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New Pennsylvania Women Work program helps kids by helping parents

Kate Pendlebury
November09/ 2015

Parenting is tough on the budget for most people, but for Pennsylvania families living in poverty, prospects are especially dire. And it can be tough to break the cycle of poverty without a clear path forward.

But one Pittsburgh-based organization, Pennsylvania Women Work, has a new initiative to educate and support young parents. Called GROW, or Generations Realizing Occupational Wellness, it’s a program designed to help parents between 18 and 35 secure better jobs and reach financial stability.

“Our project helps parents gain access to resources by partnering with childcare providers in their neighborhoods and providing career readiness training in those facilities,” explains program manager Michael Cunningham.

Pennsylvania Women Work has a lengthy history supporting women through career readiness. The organization’s mission is to empower people in career transitions with the tools to pursue their goals and achieve economic independence.

Their New Choices program provides classes and individual consultations in areas such as career development and job searching – and 85 percent of its graduates find jobs or continue their educations. But New Choices is directed at individuals in transition – those embarking on single parenthood or returning to the workforce, for instance – and it tends to reach people over 40, not all of whom are parents.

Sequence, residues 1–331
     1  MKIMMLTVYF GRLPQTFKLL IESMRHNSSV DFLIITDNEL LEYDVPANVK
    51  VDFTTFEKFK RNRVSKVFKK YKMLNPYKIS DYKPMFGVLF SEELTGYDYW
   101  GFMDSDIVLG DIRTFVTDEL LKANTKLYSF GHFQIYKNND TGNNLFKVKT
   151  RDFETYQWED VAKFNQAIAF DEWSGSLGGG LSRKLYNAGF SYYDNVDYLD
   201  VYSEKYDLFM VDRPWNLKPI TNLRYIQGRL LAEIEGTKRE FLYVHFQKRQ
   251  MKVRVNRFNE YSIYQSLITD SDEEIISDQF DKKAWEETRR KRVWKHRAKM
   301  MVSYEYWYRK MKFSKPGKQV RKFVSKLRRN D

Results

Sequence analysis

According to the 2013 census bureau, 47 percent of Pennsylvania mothers with children under the age of 5 live in poverty. And in 2014, the Annie E. Casey Foundation published a report demonstrating that children living in poverty are best helped by a “two-generation approach,” in which supporting both parents and children improves living conditions for future generations.

A state-funded program, GROW is a direct response to the Casey report, targeting young, under-employed or unemployed, low-income parents with children in structured education programs. Participants take classes in a range of topics, including skills identification, financial management, goal setting, home/work balance, job searching, resume writing and more. They create achievable goals and ultimately follow through on plans to secure further education and/or employment. GROW organizers will also help to connect participants with potential employers by assisting with job applications and even by partnering with employers.

The GROW program is conducted at locations where childcare is already on hand, or easily supplied. So far, classes are under way in the Pittsburgh area at Crescent Elementary School in Homewood; they start this week at the Carnegie Public Library of Pittsburgh in Hazelwood, and more locations are planned on Pittsburgh’s North Side.

The GROW program is funded by the Pennsylvania Department of Labor & Industry with a grant from the Richard King Mellon Foundation.

Featured image courtesy of GROW/Pennsylvania Women Work.

Kate Pendlebury

A logophile and joker, Kate Pendlebury has a PhD in Children's Literature. She would like to climb trees, but her energetic and gregarious toddler requires that she keep both feet on the ground.